To continue our discussions of World Literature as a theoretical concept in more depth, we will discuss four crucial articles in the field and also the preface and introduction to my new book where I use this framework.
Each of you should consider yourselves “experts” on one of these articles, which means roughly 8 people should read each one carefully and be ready to present it. But you should have read all five works at least quickly.
The first is a classic and is accompanied by many others that bolster Moretti’s still controversial position against close reading, favouring “distant” reading. Mufti’s is more recent and provides a crucial discussion of Orientalism’s links to the institutionalization of World Literature. Tanoukhi’s piece focuses on the context of Africa and elaborates on some of the larger problems with World Literature through her discussion of art and literature. Nadia al-Baghdadi concentrates on putting the way in which Arabic literature has been studied traditionally into conversation with ideas underpinning World Literature as a concept. My new book uses World Literature as a framework to think through the way in which we talk about Lebanese women writers who use Arabic words/language in their texts written in standard French. All of these works are available through the McGill library system. I have copied links below, but it is your responsibility to find and read these articles/chapters.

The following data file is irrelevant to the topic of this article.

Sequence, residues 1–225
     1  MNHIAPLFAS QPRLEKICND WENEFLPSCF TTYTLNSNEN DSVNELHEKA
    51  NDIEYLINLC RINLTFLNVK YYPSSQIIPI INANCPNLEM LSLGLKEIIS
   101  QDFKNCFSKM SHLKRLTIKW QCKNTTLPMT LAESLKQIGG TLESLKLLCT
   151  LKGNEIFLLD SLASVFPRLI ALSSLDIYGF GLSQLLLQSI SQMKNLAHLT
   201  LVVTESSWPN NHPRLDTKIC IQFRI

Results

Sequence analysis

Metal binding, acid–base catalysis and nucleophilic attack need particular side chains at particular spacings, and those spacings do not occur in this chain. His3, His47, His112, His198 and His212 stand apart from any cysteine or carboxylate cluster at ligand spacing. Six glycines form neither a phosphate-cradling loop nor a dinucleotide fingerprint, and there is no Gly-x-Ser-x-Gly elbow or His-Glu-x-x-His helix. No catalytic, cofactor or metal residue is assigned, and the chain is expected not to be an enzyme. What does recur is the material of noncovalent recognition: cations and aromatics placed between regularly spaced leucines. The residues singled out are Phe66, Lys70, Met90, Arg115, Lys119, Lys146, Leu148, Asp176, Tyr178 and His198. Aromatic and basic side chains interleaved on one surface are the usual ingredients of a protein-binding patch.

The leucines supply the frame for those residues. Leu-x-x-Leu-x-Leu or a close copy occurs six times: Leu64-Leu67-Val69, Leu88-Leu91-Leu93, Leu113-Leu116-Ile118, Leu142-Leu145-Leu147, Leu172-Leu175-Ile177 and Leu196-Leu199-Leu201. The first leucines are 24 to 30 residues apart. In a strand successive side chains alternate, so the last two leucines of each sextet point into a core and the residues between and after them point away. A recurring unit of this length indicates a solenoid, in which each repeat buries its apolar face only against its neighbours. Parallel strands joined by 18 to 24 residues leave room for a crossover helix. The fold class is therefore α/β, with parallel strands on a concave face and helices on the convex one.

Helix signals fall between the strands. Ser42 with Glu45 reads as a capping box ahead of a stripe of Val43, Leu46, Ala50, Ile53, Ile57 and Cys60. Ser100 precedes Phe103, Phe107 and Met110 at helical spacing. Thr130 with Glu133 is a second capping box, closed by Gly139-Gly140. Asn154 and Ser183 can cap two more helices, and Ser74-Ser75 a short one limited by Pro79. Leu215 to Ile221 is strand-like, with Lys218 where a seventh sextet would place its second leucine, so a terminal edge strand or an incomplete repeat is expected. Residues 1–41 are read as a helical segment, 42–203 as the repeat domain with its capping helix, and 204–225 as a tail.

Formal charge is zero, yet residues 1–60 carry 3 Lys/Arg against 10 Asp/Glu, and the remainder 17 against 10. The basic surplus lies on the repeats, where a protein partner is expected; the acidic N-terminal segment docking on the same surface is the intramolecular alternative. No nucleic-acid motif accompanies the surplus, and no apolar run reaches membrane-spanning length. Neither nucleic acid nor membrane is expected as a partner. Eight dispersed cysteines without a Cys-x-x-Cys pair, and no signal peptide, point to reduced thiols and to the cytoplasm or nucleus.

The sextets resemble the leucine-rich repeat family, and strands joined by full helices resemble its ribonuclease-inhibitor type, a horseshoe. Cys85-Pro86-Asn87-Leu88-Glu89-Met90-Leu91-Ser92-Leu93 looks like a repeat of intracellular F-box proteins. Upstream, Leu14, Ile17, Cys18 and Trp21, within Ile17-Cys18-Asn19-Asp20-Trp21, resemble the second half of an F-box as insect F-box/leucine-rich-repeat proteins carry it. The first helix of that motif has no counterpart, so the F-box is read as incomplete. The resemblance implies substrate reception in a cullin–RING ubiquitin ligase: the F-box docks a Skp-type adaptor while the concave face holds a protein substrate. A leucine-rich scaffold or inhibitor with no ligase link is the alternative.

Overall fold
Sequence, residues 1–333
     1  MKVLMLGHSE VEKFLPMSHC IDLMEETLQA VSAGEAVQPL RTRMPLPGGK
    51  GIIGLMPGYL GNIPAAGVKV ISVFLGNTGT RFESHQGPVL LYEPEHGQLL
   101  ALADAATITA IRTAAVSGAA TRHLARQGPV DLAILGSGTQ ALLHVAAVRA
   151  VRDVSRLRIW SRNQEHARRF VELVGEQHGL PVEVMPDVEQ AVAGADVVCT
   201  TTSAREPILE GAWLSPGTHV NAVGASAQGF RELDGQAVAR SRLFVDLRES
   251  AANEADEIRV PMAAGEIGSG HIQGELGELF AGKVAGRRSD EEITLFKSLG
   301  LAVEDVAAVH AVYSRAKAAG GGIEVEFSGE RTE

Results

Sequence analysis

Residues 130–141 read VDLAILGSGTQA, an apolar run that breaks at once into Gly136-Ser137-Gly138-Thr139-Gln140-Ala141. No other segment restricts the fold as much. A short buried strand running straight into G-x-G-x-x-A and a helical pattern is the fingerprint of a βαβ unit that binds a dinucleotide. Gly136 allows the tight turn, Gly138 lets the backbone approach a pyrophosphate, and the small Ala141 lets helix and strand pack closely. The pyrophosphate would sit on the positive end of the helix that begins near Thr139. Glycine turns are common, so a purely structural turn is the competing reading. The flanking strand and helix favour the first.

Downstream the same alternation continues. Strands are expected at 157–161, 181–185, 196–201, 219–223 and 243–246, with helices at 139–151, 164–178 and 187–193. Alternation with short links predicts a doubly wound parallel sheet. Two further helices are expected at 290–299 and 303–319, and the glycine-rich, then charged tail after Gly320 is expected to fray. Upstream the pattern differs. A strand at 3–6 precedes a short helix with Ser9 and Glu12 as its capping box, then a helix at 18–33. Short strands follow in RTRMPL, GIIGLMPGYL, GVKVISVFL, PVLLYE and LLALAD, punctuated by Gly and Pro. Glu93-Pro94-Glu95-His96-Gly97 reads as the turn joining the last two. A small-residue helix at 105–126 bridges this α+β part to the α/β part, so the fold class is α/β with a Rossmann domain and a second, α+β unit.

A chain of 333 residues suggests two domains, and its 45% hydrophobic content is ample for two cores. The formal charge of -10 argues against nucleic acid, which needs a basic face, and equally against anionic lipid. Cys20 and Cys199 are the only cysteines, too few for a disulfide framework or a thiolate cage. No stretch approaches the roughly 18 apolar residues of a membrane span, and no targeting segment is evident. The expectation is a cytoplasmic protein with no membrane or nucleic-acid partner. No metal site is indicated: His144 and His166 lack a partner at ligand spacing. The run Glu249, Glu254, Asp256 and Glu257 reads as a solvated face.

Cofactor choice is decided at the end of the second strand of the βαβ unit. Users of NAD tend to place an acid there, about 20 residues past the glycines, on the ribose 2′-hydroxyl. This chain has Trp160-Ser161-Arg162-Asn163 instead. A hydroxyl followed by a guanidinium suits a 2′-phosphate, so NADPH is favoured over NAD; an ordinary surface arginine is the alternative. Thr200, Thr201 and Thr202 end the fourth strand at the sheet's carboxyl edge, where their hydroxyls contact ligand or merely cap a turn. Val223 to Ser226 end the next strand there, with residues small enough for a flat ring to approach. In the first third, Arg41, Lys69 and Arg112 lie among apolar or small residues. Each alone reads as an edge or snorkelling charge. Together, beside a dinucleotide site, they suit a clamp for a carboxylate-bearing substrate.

(1) Franco Moretti, “Conjectures on World Literature,” New Left Review
(2) Aamer Mufti, “Orientalism and the Institution of World Literature,” Critical Inquiry 36 (Spring 2010)
(3) Nirvana Tanoukhi, “The Scale of World Literature,” New Literary History, 39: 3 (2008) pp.599-617
(4) Nadia al-Baghdadi, “Registers of Arabic Literary History,” New Literary History, 39: 3 (2008): 437-461.
(5) Michelle Hartman, preface and introduction, Native Tongue, Stranger Talk: The Arabic and French Literary Landscapes of Lebanon (Syracuse: Syracuse University Press, 2014).
(NB: You must be connected through the McGill system, or another system that subscribes to JSTOR and project MUSE to download most of these articles, I will upload mine ASAP…).